China's draft implementation rules on human genetic resources: potential changes on HGR Supervision?

The Ministry of Science and Technology of China has finally issued the draft of Implementation Rules for the Regulations of Human Genetic Resources Administration for public comments on March 21, 2022, which gives more guidance on practical administration already adopted in the China HGR Rules, as well as shed some light on the potential changes in HGR administration in the near future. This client alert aims to introduce the key implications provided in this draft for companies participating in China HGR-related projects. 

This article is the first in our 2022 series, “Trends in Cell, Tissue, and Gene Therapies,” which aims to help you stay informed about the broad array of legal and regulatory issues affecting companies operating in the regenerative medicine space.

Since the release of the Human Genetic Resources Administration Rules ("HGR Rules") in May 2019, the Ministry of Science and Technology ("MOST") has finally issued its draft implementation rules for public comments ("Draft Rule") on March 21, 2022, which reflect the authorities' attitudes on some key issues, include the previous practical administration already adopted in the HGR Rules and its implementation guidelines, as well as shed some light on the potential changes in HGR administration in the near future.

Scope of "foreign parties" clarified

The Draft Rule restates the restrictions that an individual, entity or organization that is established or "actually controlled" by a foreign individual, entity or organization (a.k.a. a "foreign party") is prohibited from collecting, preserving and exporting HGR under the HGR Rules, which shall only be conducted by Chinese scientific and research institutions, higher education schools, medical institutions and enterprises (a.k.a. "Chinese parties").  The Draft Rule lists three circumstances with a catch-all clauses and adopts a "significant impact" principle to define "actual foreign control" as follows:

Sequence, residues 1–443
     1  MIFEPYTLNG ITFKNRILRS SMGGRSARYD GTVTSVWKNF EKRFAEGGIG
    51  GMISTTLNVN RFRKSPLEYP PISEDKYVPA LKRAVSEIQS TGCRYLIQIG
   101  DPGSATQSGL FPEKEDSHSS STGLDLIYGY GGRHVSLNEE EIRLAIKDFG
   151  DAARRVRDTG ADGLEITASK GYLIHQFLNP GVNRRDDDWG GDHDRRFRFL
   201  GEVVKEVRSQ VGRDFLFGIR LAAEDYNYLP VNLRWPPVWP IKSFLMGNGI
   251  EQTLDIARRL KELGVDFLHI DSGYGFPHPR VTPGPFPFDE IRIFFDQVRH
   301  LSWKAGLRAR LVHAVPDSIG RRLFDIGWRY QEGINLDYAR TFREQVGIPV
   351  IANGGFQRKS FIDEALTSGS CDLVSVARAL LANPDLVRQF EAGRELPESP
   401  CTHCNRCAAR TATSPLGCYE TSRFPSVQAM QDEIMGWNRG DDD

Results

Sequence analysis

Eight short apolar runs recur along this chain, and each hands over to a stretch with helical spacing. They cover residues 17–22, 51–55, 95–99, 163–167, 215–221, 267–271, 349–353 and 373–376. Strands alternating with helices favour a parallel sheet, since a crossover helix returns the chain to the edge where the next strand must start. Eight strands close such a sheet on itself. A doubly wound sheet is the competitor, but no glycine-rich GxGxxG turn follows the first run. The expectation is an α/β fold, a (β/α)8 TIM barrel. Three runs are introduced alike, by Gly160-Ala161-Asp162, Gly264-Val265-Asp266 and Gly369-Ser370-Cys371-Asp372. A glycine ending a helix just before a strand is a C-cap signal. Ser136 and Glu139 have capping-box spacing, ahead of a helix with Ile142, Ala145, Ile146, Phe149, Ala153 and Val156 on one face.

• a foreign party is holding or indirectly holding more than 50% of the shares, equity, voting rights, shares of property or other similar interests in the particular entity;
  • although the holding of the shares, equity, voting rights, shares of property or other similar interests does not reach 50%, the voting rights or other interests enjoyed by such foreign party in the decision-making body will allow such foreign party to impose a significant impact on the resolutions, decision-making and internal management of the particular entity;